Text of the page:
The French watchmaker Jean Peltier discovered the reverse effect in 1834: the conversion of an electric current to a temperature difference.
The two are actually the same processes that run in the opposite direction. They are referred to as the Peltier -Seebeck effect or thermoelectric effect.

Perfecting and mass production of on this principle based cooling element got a strong growth as a coolant for the processors of most personal computers.

A EcoFan also uses this principle. The (aluminum) base of the fan is on the hot stove, and transports the heat to the Peltier element in the middle of the fan. The top of the thermoelectric element is separate from the heat source and is equipped with a heatsink. The temperature difference between top and bottom is converted into electric power which drives a small DC motor that lets rotate the fan blades. The fan sucks air through the cooling fins thus maintaining the temperature difference.

If the stove reaches a temperature of 65 degrees, the fan starts spontaneously, and up to 300 degrees rotates faster and faster. The airflow varies by model between 3 and 5 cubic meters of air per minute. Through better heat dissipation it is thus possible to use 14% to 19% less wood to get the same heat without extra energy consumption.

Vulcan Sterling fan

Full mechanical heater fan that will not get overheated. The hotter the fire the harder it runs.

This fan starts usually not easily but needs a push to trigger the piston.

It is a Stirling engine driven fan that quietly and efficiently blows warm air above the heater through the room and so dramatically increases the effectiveness of the heating appliance.

The Stirling engine is energized by the rapid heating and cooling of the same volume of air in the piston. Warm air expands and pushes the piston upwards; if the same amount of air is rapidly cooled, it contracts and the piston will pull downwards. This action rotates the fan blade. (Expensive, but beautiful.)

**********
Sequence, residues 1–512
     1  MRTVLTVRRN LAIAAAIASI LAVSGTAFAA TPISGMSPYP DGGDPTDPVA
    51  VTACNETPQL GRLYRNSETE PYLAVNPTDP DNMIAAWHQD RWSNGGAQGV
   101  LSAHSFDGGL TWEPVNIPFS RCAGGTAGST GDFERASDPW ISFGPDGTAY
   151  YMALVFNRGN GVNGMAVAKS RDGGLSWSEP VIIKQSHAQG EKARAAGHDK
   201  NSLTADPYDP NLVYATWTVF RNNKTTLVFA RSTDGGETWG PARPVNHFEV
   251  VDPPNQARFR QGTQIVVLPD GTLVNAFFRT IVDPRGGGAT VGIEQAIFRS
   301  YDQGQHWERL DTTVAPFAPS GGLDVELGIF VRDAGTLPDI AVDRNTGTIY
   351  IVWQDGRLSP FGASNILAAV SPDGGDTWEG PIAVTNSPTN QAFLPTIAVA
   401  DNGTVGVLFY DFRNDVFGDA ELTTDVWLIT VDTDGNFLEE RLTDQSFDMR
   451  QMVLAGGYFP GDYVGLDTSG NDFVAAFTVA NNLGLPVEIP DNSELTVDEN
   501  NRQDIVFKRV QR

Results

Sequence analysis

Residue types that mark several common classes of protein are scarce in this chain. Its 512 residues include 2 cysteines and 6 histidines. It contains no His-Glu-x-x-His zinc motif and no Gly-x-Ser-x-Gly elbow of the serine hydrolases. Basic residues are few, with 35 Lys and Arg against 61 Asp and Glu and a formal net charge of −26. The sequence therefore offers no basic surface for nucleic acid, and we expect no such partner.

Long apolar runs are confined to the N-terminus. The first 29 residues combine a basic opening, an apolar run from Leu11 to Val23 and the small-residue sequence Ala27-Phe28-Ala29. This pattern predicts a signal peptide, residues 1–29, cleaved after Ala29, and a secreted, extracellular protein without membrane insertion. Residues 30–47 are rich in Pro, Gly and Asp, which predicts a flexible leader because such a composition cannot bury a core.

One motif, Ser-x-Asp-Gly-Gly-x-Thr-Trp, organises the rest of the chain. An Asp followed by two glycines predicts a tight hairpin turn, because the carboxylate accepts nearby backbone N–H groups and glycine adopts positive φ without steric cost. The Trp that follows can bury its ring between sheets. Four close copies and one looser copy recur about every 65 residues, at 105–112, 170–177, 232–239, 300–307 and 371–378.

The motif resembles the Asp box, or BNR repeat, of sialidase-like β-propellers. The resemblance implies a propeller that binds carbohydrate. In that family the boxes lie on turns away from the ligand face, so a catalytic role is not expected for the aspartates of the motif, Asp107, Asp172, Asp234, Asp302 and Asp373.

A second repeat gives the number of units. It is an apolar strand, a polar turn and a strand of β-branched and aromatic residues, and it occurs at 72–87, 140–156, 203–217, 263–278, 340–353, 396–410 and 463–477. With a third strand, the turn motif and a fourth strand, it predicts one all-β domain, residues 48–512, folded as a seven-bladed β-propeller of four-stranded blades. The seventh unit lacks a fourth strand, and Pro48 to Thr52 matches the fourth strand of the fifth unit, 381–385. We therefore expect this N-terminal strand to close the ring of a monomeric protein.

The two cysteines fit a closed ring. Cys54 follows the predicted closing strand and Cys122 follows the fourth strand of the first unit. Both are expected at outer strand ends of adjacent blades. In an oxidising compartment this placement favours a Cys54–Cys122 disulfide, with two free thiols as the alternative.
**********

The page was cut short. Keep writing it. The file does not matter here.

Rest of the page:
How to avoid smoke in your room

Make sure the stove burns with an open flame before filling it. (read <Chimney> ) :
Never cover the whole fire with new fuel, leave at least one side free with a burning flame and fuel.
Thus released CO gas can burn gradually. Otherwise it accumulates in the stove, and can - if a flame is released - flop.
The better the combustion, the less CO is produced.
So a minute or 2 before loading, open the air intake and exhaust, and leave open even a while after filling. Don’t open the door with a jerk, first a little, and then slowly more (with any other air supply closed so that no "false pull ' occurs).

Damp wood must dry in the heater (energy waste). Those resultant fumes can explode.
Other cause of inadequate draft: chimney too short, too long, too small, too many curves, not swept(in time), too cold (not isolated).
A fan or extractor hood sucks too much air out and causes underpressure. This can lead to kickback and smoke in the chamber.

Our ‘Leuvense stove’ formerly stood on bluish glass feet, a kind of dishes. That had a practical reason: when cleaning the iron stove legs were not wet, and so there were no rust spots on the floor. I still lay stone or ceramics (e.g. a small, round mosaic tile for bathroom) under the stove legs.

Car on wood (gas)

In the absence of petrol, many cars were converted during World War II. Wood is heated to 700-800 ° C without oxygen, resulting in wood gas. Water, tar and other solid components are filtered out. This flue gas is mixed with air through a valve instead of carburetor and is burned in the engine. Adjustments to the engine are not necessary for this, but the power does decrease by approx about 20%. 100 kilograms of wood provide the same amount of energy as 36.5 liters of petrol.

If it’s freezing cold, go stand in the corner. Which is 90 degrees.